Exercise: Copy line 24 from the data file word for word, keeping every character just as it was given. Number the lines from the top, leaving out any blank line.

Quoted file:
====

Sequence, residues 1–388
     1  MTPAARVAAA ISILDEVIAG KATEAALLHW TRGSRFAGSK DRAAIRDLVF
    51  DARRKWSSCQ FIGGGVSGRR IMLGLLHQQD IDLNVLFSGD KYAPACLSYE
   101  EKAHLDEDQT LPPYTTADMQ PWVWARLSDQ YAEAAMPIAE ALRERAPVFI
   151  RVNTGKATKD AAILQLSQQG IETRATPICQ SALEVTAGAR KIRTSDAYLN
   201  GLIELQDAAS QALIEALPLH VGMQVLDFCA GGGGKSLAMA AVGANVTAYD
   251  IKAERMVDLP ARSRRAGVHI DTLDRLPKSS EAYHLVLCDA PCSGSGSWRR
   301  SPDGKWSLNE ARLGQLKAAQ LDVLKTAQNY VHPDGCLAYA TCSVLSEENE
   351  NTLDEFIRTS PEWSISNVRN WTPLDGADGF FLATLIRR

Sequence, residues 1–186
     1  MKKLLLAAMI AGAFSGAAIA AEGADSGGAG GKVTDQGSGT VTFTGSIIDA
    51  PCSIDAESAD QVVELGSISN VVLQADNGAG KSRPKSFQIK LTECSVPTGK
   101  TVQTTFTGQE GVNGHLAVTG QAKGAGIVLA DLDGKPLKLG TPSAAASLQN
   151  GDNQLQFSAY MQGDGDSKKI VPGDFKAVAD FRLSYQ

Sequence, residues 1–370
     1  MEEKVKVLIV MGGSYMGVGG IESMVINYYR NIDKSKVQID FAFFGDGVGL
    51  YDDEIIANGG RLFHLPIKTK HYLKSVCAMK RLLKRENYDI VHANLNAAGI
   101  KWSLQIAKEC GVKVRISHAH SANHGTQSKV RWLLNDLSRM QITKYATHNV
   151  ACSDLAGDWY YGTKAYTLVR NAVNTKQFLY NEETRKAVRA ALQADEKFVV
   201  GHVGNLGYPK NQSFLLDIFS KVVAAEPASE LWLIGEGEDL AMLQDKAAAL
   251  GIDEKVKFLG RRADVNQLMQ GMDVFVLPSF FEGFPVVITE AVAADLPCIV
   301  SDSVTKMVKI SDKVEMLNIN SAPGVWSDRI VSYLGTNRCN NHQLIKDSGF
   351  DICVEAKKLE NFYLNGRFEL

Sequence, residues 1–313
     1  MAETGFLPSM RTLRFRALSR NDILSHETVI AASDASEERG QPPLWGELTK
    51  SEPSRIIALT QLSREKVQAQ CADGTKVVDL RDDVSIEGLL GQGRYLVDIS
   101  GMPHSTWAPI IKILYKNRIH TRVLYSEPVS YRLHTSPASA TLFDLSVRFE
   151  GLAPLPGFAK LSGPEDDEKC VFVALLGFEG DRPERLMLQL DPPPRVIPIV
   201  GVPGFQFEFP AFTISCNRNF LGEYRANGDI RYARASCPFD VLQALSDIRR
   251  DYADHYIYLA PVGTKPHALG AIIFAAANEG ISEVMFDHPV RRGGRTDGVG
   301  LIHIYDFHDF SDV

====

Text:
Sequence, residues 1–313